Tuesday, September 16, 2014

The Viking Museum

Something Jeanette in particular had been looking forward too was the Viking museum on the Lofoten. She's interested in archaeology and could have easily been a spoon-digger herself. As the Viking museum is situated next to a fully reconstructed Viking house, she really wanted to see it. Of course the higher the expectation, the bigger the chance that it will disappoint. In this case it unfortunately did… very much so in fact.

I don't know what it is but sometimes the first impression is undoubtedly the right one. With the Viking museum that first impression was already generated at the parking area…! Situated well below the museum and accessible only by a steep gravel path, meaning that anyone who isn't fit will have a struggle just getting to the front door. How thoughtful. Once you're there you can see the cars of the staff parked next to the building, as if they want to emphasise that they just don't care. Customer friendliness isn't high on the list then. 

The door turned out to be locked, even though it was well past opening time. Making sure it wasn't just jamming, Jeanette rattled the door; which resulted in a man clothed in rags coming to check out what the commotion was about. They had forgotten to unlock the front door… Once inside we noticed a group of bus tourists already in the building, obviously they had used the back door. Bus tourists are apparently treated differently to plain mortals arriving by their own means.

After paying a rather hefty entry-fee, we were given a set of headphones and a small digital device. The function of which turned out to be a translator from Norwegian to English. Simply point it at the screens mounted in the walls and listen to the explanation in English. Not a bad idea of course but let's not get too excited just yet. The screens gave a vague explanation of why the visitor centre was built and how great it had been for the Lofoten to have such a wonderful museum… Hmmm, they don't mind patting themselves on the back… and don't give any real information.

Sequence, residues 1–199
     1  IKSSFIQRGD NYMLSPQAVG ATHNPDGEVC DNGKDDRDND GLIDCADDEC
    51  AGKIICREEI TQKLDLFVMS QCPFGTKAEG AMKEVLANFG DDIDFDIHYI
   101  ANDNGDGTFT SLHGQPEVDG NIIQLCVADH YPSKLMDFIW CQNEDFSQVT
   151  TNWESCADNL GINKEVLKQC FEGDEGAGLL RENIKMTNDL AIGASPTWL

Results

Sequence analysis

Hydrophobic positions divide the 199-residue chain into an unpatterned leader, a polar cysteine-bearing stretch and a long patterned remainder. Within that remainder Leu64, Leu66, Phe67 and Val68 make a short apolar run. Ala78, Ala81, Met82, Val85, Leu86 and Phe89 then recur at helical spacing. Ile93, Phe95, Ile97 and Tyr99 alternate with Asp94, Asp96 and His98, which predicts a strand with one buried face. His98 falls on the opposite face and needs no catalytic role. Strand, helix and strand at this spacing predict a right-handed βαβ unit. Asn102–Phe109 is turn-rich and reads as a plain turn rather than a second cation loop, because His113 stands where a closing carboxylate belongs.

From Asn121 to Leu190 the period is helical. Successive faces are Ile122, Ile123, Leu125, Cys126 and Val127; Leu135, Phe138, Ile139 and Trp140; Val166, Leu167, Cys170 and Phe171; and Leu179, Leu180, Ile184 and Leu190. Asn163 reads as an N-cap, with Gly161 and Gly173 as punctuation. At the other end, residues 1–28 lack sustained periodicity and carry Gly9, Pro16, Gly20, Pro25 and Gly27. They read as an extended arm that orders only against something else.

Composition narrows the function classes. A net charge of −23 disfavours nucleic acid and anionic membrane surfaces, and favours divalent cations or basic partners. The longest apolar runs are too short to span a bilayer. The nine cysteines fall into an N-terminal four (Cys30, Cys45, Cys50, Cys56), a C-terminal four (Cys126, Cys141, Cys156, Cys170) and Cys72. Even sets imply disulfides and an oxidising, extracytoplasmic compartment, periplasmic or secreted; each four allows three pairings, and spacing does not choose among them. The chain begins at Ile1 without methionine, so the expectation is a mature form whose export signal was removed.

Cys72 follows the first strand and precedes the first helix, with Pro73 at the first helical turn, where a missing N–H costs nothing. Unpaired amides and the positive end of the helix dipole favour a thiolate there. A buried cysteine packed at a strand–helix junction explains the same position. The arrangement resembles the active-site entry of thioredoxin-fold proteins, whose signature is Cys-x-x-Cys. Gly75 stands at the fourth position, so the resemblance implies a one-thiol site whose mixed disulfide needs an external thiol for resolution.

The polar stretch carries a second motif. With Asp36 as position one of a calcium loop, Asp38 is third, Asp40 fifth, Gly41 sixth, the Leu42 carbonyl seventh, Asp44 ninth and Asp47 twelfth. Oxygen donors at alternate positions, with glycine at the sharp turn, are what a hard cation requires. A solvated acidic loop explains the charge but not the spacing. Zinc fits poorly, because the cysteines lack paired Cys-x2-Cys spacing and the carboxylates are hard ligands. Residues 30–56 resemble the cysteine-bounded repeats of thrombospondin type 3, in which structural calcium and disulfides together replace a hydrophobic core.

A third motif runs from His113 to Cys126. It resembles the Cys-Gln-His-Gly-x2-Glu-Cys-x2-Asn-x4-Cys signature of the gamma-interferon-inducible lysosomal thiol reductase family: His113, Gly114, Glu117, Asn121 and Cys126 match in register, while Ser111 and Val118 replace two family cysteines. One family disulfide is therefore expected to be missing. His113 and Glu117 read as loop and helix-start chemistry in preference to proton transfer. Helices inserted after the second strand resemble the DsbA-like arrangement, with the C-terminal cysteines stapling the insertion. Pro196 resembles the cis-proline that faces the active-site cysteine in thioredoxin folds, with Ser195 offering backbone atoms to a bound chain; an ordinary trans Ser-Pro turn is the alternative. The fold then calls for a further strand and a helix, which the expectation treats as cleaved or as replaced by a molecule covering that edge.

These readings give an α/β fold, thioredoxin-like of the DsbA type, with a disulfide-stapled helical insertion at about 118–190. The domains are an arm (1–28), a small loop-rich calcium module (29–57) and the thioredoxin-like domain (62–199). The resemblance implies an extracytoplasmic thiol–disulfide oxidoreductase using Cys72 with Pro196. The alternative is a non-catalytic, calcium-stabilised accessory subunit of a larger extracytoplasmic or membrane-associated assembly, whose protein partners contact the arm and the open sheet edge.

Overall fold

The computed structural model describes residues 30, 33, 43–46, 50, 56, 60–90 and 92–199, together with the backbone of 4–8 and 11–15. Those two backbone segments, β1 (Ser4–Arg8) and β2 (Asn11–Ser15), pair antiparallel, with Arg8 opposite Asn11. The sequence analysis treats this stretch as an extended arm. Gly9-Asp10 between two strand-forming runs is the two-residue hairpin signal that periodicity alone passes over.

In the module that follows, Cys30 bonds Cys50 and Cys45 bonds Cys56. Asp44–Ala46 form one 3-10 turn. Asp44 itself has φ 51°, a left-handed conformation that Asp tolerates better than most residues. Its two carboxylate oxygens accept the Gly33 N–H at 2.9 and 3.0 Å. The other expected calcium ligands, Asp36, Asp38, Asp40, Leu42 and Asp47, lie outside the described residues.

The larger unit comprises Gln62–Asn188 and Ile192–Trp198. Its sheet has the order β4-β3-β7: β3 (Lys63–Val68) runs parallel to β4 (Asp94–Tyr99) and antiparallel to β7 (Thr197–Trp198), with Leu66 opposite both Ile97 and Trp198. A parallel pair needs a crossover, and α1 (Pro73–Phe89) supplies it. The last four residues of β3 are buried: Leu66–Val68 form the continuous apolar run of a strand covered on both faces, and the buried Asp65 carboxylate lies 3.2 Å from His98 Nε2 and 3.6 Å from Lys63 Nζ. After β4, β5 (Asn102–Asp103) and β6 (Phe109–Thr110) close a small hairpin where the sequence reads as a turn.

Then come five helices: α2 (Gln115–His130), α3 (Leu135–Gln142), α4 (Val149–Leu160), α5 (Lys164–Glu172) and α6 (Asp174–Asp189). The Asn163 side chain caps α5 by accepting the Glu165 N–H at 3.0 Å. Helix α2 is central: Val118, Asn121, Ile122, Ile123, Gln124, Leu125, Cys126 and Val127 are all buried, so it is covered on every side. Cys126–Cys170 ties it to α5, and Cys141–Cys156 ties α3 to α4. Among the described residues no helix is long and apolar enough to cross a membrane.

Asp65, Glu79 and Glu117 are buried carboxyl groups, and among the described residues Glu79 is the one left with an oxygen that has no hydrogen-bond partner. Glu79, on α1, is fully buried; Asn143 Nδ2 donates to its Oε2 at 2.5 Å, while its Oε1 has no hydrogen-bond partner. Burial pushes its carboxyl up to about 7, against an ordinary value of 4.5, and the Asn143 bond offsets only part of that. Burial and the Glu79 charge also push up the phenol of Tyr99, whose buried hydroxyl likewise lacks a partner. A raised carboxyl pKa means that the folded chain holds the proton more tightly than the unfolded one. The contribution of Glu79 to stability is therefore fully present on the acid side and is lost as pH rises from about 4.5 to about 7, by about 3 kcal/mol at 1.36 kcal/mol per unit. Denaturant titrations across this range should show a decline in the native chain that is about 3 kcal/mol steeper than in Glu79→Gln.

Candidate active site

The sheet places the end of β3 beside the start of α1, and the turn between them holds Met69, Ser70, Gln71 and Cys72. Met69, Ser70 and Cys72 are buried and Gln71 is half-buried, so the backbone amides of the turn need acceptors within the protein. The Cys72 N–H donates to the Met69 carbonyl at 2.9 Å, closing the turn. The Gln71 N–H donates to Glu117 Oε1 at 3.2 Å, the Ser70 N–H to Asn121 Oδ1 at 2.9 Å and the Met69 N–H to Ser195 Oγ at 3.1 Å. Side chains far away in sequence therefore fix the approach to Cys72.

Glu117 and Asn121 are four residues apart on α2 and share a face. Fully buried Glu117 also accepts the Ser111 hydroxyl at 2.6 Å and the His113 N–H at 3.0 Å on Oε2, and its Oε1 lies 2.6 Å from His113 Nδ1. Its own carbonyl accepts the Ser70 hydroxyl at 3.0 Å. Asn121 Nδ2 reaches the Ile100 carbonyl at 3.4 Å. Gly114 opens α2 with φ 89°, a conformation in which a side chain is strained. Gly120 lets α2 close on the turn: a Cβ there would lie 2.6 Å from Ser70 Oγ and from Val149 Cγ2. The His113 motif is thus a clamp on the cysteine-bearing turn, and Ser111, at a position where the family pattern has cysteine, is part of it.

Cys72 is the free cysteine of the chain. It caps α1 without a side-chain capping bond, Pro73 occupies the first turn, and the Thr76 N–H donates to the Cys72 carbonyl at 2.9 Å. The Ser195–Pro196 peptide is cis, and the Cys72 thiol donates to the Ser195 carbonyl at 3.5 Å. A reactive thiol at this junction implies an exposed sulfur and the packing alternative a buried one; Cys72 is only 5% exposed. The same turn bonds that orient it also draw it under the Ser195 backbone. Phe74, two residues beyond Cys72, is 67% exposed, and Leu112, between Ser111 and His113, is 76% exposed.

The museum consists of 3 rooms, literally rooms. Small rooms in fact, that show little if anything about Viking life despite being in a Viking museum. There are a few displays with found artefacts but most of the funds have been spend on a luxury AV-show. The biggest exhibit is an old tractor half embedded in the floor and lasers show unrelated pictograms slowly moving over the ground. The show itself is pure fiction, no evidence is presented that it's based on facts at all. If anything it's a romanticised story of a girl meeting a boy and later marrying him, performed by actors and actresses. If I want to see a fiction movie, I'll go to the cinema. This is supposed to be a museum and the main function of a museum is to inform. The Viking museum doesn't inform, it tries to impress with a show.

Next to the museum is the Viking house. Presented as a true reconstruction of a unique find: a huge Viking house. Approaching it, it already gave me the impression that it just doesn't seem right somehow. I'm not an archaeologist but this just doesn't seem to fit the age it's supposed to be in. Looking at the roof I wondered why they would build a wooden shingle roof in such a climate, while slate or grass roofs were more the norm in the era it was supposedly from. Asking one of the 'men in rags' that amuse the tourists, we were informed that they thought grass would be too heavy and as they had found a building in Germany from a century later with a wooden roof, they simply assumed this had one too… So the decision on which roof was used was based on something that was built a century later and 2000 km further south… where they have a vastly different climate, different trees and different materials at hand. The roof's wooden slates are machined in a shape that would be hard to do without machines. The feeling of 'not being right' continues on the inside. Everywhere you look it's a mismatch of styles that don't seem to make any sense. Old woodcarvings have been complimented with new ones that seem to belong in another century and sometimes even another culture.

Like I said earlier if I go to a museum, I do so to be informed. Here we left with more questions than answers and the distinct impression we had just paid for a tourist trap. An impression later reinforced by a resident of the Lofoten who told us 'The Viking Museum is just a lot of fiction, a tourist show, nothing else'.